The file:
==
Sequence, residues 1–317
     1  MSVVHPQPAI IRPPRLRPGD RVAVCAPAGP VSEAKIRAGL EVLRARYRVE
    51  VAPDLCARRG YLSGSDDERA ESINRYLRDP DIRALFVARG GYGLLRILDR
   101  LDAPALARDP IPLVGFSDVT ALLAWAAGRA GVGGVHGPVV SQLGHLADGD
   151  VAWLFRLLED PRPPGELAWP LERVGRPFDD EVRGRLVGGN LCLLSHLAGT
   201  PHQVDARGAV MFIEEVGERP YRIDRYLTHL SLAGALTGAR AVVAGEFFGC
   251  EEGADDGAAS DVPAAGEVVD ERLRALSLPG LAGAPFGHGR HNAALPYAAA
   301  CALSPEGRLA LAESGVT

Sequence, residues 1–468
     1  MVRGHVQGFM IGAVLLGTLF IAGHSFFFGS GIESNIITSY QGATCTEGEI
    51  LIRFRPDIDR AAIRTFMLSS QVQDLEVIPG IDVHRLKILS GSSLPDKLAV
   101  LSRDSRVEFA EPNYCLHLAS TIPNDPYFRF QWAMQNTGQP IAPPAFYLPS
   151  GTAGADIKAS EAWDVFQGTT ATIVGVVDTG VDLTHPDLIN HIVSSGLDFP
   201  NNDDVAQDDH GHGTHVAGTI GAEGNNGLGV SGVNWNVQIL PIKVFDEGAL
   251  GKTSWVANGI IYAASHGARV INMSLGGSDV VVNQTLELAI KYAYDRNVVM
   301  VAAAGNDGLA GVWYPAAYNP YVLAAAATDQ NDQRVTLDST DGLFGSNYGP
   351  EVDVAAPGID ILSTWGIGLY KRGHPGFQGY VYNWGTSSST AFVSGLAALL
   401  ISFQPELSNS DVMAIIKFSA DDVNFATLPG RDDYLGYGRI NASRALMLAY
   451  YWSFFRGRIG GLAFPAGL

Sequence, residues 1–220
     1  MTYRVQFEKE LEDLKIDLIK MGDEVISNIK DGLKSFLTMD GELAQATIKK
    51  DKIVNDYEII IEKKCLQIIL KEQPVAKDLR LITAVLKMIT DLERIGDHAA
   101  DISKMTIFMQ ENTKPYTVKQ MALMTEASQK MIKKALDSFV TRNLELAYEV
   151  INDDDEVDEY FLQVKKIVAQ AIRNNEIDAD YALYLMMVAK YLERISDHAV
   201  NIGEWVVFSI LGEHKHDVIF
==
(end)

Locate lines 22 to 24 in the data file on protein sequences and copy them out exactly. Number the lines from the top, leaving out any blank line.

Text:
    51  DKIVNDYEII IEKKCLQIIL KEQPVAKDLR LITAVLKMIT DLERIGDHAA
   101  DISKMTIFMQ ENTKPYTVKQ MALMTEASQK MIKKALDSFV TRNLELAYEV
   151  INDDDEVDEY FLQVKKIVAQ AIRNNEIDAD YALYLMMVAK YLERISDHAV